‘Cheap Prices – High Cost?’ The Salvation Army Launches Europe-wide Anti-Trafficking Campaign
JOINING together across Europe, The Salvation Army has commenced its first pan-continental campaign, in order to raise awareness of – and deter people from being duped into – human trafficking and modern slavery. Around half of the 31 European countries with a Salvation Army presence have so far begun a multi-modal campaign, encouraging consumers to consider whether low prices come at the high cost of human exploitation. In ‘source’ countries, social media activity and poster campaigns are prompting job hunters who may be susceptible to unrealistic offers of work abroad to consider whether the offers are too good to be true.
The Salvation Army in the UK is the latest to launch its variation of the campaign, coinciding with a major modern slavery plot line in the popular national ITV continuing drama series, Coronation Street. Script editors have been working behind the scenes with Salvation Army specialists who provide support to victims who have been rescued from slavery in the UK, in what is set to be an ‘explosive’ series of events for the character Alina Pop as the devastating truth about her life as a trafficked woman is revealed.
Romanian actor Ruxandra Porojnicu, who plays Alina, has spoken about the importance of raising awareness of these important issues. She said: ‘All these victims, like in Alina’s case, can appear like they are living a normal life. No one would notice they are going through such tough times and they need help unless we look more closely. Victims need to know there are so many people who care for them and support is available when they need it.
‘I am keen to raise awareness about this worldwide problem and not be indifferent. We should all know about modern slavery. We should all spread awareness about subjects that have such a negative impact on people’s life so that changes can be made and help provided. Some people are depending on us and our actions.’
SPOT THE SIGNS
Some signs are less obvious:
When you change the way you look at things, the things you look at change.
From the fictional Weatherfield in the north-west of England, to the red-light district of Amsterdam, from affluent Oslo in Norway to the poorest European capital city, Chișinău in Moldova, The Salvation Army is working to prevent victims entering the cycle of modern slavery and is supporting victims where they have escaped from the grips of their slave masters.
The Salvation Army’s pan-European anti-trafficking campaign uses ‘fake’ adverts to show that human tragedy often lurks behind cheap products and services, and the demand for a deal fuels a trade in men and women who are forced to work for little or no money and live in sub-standard conditions, deprived of their freedom.
The adverts trick people into thinking they are going to get a cheap deal on goods commonly funded by modern slavery, such as nail bars and car washes. Once the audience clicks through to the advert the truth is revealed, as they are taken to a landing page – in their own language – featuring stories of real victims of modern slavery who have been supported by The Salvation Army and information on how to be more mindful of the risks.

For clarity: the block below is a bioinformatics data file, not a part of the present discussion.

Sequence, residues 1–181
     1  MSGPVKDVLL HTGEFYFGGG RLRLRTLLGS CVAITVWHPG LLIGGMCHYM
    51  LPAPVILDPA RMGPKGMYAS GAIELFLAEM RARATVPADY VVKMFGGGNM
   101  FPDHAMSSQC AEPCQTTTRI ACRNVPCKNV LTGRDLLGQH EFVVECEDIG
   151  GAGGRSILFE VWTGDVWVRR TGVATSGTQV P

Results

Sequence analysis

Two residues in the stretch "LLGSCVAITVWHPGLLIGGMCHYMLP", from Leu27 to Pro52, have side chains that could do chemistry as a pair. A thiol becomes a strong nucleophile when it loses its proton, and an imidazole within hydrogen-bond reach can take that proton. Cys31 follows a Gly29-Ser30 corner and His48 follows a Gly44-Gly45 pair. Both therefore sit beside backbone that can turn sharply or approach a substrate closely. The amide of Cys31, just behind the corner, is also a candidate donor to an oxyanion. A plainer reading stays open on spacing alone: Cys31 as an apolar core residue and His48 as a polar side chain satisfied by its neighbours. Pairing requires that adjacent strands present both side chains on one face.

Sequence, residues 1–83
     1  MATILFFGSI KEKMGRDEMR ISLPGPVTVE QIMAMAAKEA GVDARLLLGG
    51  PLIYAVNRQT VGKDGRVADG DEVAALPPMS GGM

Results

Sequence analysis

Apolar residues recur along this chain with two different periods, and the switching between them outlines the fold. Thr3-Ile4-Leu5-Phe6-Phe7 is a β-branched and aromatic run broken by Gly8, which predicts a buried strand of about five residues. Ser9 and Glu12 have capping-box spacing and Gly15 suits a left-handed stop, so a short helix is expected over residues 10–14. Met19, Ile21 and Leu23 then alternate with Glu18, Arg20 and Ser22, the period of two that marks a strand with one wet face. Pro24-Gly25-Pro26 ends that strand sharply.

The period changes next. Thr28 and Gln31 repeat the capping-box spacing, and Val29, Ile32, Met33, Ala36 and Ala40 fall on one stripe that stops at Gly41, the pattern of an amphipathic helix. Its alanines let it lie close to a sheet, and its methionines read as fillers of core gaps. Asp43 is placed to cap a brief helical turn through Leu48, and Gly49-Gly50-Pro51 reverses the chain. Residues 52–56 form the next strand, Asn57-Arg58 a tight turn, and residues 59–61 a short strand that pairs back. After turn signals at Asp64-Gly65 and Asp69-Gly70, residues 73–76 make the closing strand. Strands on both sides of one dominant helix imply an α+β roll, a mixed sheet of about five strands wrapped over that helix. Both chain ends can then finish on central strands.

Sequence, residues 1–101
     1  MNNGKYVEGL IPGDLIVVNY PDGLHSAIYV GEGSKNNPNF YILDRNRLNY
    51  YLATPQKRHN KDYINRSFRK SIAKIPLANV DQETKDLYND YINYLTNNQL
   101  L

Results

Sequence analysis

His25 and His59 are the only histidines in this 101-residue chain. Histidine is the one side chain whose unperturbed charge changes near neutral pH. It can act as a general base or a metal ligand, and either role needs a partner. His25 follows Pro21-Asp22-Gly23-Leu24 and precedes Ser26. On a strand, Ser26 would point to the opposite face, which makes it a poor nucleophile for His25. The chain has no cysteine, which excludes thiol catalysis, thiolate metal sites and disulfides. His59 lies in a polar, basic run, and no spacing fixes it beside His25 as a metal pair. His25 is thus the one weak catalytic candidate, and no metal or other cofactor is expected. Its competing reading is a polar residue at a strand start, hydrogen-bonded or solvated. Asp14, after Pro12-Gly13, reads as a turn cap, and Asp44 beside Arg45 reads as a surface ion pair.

The campaign concept has been created by the Swedish Agency House of Friends. ‘In an unique and powerful way the campaign is strongly focused on increasing the awareness and stopping the demand of modern slavery and the recruitment of victims,’ says Lars Beijer, a representative from The Salvation Army’s European Communication Network.
‘We need to stop using these services and take responsibility for what we use,’ adds Madeleine Sundell, an anti-trafficking lawyer for The Salvation Army in Sweden, one of the countries which has spearheaded and part-financed the campaign. This is the first time that Salvation Army anti-trafficking practitioners have joined forces with their Communications colleagues on a Europe-wide basis.
The precise implementation of the campaign varies from country to country, to remain sensitive to the local needs and context. Examples of the way the campaign is being used can be seen at highcost.salvationarmy.org. In the Latvian capital Rīga, thanks to support from JCDecaux, a large number of posters have been installed on bus stops, ensuring that anyone using the public transport network is confronted with the messaging. Meanwhile in Finland, members, employees and supporters of The Salvation Army have been provided with resources to help them identify the sometimes-subtle signs of trafficking, ahead of a two-week public roll-out in September. The campaign will run for three years, with planning for 2020 already underway.
Salvationists and friends in all 131 countries in which The Salvation Army operates are invited to take part in the International Day of Prayer for Victims of Human Trafficking. This year the event takes place on Sunday 22 September. Information and resources are available at sar.my/aht.
Tags: Europe, Anti-trafficking, News